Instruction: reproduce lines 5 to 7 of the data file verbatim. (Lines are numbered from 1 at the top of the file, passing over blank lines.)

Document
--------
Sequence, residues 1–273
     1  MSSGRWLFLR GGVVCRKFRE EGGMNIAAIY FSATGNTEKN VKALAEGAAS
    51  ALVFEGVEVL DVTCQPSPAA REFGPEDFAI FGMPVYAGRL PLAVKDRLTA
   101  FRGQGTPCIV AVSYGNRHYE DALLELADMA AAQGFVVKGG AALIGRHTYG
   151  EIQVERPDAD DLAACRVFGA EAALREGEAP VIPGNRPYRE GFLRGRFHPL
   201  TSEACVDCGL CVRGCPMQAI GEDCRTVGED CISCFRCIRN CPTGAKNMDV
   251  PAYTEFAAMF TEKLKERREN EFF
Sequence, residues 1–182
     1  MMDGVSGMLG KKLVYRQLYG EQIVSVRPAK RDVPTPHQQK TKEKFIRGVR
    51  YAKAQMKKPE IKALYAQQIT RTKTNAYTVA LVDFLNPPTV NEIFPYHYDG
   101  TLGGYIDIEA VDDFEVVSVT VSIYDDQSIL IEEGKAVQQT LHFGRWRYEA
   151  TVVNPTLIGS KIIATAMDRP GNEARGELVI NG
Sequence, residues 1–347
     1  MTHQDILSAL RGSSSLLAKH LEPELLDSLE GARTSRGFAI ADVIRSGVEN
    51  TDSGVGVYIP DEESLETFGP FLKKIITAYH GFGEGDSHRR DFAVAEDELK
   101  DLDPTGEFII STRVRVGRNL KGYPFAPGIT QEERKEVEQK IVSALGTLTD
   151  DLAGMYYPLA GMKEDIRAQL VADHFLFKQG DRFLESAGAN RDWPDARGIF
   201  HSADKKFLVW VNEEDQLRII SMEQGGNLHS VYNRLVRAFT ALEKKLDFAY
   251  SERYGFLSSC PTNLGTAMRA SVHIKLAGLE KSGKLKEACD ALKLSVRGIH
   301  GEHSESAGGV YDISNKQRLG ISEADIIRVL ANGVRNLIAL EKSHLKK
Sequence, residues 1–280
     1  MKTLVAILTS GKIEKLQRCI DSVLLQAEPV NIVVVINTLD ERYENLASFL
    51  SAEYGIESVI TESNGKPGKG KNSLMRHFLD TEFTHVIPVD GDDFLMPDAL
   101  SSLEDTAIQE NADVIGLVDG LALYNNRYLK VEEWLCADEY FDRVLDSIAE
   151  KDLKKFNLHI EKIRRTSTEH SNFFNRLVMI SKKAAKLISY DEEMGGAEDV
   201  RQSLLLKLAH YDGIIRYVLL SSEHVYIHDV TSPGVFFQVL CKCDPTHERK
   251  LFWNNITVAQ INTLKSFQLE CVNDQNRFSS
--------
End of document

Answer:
   151  EIQVERPDAD DLAACRVFGA EAALREGEAP VIPGNRPYRE GFLRGRFHPL
   201  TSEACVDCGL CVRGCPMQAI GEDCRTVGED CISCFRCIRN CPTGAKNMDV
   251  PAYTEFAAMF TEKLKERREN EFF